April 30, 2018
USA's First Girls-Only Cricket Competition Set To Launch
Introduction: This year girls in Maryland and Virginia will be participating in the first ever girls travel cricket competition in the USA, which is being conducted by the Maryland Youth Cricket Association (MYCA) and the Bowie Boys and Girls Club (BBGC). The season begins on May 5. The league will consist of four teams: one each from Chantilly and Ellicott City and two from Bowie. The BBGC started the first elementary school cricket league in the USA in 2014 (the BEST Cricket League), and the first middle school cricket league in the USA in 2015 (the WAMS Cricket League). In 2018, there are 19 elementary school teams and 10 middle school teams with a total of 420 students including 115 girls. 58 of these girls now play in the girls league.
To get ready for the start of the season, the Bowie 1 and Bowie 2 had a friendly game. The game was very competitive and the players were enjoying it thoroughly. However, it started raining three-quarters of the way through. Now all of the girls are looking forward to the rematch when they'll play for real.
Photos of the game can be found at:
Background: The school cricket program originated in Prince George’s County Public Schools (PGCPS) with support from its CEO, Dr Kevin Maxwell. A partnership was formed between PGCPS and BBGC to officially start the leagues. Dr Maxwell saw firsthand the enthusiasm and excitement the students and parents had for the game during the first elementary school cricket championship game between Whitehall and Heather Hills in 2014. At that time matches were played only on blacktops (outdoor basketball courts) since cricket pitches and fields were not available. To take the game to the next level, Dr Maxwell approved the construction of three cricket pitches at PGCPS elementary schools used exclusively for the school and youth programs. With help from Dr Maxwell, the school cricket program expanded to other counties in Maryland and Virginia. PGCPS is definitely leading the nation in school cricket, and the cricket program does not cost the school system any money. Now hundreds of families are enjoying cricket, and kids have another avenue to stay active.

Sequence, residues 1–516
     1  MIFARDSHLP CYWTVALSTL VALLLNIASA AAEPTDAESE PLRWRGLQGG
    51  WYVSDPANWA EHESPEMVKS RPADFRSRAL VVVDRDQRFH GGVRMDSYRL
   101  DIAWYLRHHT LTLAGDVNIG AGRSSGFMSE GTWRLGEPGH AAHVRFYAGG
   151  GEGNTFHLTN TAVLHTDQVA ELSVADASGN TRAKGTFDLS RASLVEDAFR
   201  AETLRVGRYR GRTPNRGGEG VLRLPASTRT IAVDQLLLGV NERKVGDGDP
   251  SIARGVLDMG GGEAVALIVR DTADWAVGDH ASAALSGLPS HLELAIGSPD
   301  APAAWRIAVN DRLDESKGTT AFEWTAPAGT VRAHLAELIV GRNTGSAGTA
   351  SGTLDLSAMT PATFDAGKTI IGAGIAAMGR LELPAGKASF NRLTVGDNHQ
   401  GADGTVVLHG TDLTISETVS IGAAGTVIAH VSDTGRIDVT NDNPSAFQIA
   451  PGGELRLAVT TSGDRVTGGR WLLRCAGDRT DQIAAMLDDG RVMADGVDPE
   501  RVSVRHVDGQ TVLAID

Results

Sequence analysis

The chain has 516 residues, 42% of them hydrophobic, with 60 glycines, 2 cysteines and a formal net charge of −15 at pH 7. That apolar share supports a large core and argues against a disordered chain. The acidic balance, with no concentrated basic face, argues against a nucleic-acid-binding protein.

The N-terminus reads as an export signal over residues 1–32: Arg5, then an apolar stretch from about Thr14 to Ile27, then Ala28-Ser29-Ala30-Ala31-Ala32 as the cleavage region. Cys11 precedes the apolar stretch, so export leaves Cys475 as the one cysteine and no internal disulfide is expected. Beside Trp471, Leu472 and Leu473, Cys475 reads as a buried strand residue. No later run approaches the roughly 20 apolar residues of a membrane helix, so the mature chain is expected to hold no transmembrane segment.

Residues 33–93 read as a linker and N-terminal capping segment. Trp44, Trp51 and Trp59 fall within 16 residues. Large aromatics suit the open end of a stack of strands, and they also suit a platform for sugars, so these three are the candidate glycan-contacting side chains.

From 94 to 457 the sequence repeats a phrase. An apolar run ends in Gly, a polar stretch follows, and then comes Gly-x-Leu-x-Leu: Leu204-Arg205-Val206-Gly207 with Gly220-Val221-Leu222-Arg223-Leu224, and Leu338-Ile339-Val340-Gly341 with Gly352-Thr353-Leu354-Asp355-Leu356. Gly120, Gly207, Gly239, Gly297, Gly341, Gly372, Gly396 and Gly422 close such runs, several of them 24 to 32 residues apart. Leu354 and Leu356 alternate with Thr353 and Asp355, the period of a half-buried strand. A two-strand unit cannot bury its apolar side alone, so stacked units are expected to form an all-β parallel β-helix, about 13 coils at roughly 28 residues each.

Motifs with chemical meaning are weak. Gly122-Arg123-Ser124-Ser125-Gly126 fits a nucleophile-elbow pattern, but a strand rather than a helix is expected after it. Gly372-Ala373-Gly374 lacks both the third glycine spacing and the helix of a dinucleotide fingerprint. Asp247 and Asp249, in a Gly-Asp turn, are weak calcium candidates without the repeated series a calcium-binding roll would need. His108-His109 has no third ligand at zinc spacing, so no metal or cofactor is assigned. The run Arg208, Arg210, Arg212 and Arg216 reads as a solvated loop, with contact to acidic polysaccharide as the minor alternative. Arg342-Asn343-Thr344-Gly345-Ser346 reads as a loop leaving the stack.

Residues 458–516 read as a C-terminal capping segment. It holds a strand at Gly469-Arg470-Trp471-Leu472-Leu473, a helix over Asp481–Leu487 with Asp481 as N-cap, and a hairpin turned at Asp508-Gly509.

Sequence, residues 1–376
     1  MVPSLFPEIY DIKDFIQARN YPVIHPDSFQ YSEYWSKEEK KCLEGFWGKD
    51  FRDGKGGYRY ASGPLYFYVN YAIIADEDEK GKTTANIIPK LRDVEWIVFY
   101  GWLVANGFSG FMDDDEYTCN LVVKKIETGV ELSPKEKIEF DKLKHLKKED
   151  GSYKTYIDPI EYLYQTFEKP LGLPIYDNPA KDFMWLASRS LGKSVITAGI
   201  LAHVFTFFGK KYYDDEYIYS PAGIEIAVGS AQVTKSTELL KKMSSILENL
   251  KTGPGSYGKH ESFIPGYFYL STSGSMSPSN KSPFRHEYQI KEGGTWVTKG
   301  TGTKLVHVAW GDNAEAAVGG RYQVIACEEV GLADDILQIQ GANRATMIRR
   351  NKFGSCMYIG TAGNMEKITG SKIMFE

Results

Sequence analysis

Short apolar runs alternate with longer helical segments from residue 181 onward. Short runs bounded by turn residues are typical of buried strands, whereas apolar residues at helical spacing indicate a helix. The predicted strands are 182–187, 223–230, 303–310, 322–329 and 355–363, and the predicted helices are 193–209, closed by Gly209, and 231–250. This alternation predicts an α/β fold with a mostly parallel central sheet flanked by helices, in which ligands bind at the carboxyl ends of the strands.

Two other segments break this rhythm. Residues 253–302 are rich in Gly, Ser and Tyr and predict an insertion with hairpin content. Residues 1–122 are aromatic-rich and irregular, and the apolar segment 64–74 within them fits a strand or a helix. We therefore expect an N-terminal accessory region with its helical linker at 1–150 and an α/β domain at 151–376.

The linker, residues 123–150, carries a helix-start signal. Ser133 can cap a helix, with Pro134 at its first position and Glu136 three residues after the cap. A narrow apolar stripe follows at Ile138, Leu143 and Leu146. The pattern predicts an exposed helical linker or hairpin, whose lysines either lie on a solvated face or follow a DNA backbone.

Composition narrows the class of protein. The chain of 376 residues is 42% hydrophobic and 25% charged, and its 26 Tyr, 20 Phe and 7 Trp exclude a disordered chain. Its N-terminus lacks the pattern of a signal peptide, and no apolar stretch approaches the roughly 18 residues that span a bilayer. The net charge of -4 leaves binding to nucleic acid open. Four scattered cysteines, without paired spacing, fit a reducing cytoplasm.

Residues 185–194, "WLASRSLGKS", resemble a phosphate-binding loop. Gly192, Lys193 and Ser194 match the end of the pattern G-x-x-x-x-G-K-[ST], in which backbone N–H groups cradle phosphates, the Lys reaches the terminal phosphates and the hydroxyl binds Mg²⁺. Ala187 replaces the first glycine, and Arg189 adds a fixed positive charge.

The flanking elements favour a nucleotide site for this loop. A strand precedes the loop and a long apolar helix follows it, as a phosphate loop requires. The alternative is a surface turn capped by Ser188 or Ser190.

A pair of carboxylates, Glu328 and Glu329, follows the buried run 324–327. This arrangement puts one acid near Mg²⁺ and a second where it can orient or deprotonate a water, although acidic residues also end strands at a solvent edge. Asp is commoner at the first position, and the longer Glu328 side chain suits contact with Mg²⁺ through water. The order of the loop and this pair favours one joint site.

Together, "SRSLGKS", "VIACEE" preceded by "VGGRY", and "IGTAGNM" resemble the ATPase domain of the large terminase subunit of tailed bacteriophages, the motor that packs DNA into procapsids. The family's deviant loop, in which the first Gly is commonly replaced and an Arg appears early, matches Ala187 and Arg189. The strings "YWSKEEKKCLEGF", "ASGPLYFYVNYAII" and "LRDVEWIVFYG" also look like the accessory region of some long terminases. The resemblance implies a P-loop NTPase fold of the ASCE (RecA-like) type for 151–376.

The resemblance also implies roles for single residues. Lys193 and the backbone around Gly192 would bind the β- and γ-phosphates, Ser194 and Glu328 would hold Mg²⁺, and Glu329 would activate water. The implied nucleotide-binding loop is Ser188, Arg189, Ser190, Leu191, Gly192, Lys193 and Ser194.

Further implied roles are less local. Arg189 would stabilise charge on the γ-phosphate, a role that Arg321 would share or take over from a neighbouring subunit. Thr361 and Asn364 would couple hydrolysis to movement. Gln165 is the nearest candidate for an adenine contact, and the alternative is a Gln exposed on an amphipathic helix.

Ellicott City Girls Team: When Amrutha Alibilli’s dad came to the United States a few years ago from India, he did not think it would ever be possible for his daughter to play organized cricket here. He thought to himself that maybe his son might get a chance to play cricket, but not his daughter. Fast forward to 2018 and now Amrutha is playing cricket for her school’s coed club team, the Dragons, at Dunloggin Middle School. Amrutha is also one of 16 girls in the Ellicott City All Girl Cricket Team.
The Ellicott City team is captained by Anushka Ganoo. Anu also plays for the Dragons and is very passionate about the game. She always enjoyed watching cricket and even attended a match in the Indian Premier League. Whenever her PE teacher (Mrs. Stefan) offered the cricket elective, Anu would be the first to sign-up. She got truly hooked on the game by attending training sessions offered by the BBGC. Anu just cannot stand it whenever her cricket practice is cancelled. The girls league is giving her the opportunity to make a difference, spread awareness about female cricketers and also involve more girls in cricket. Anu will be in high-school next year and plans to help get cricket started there.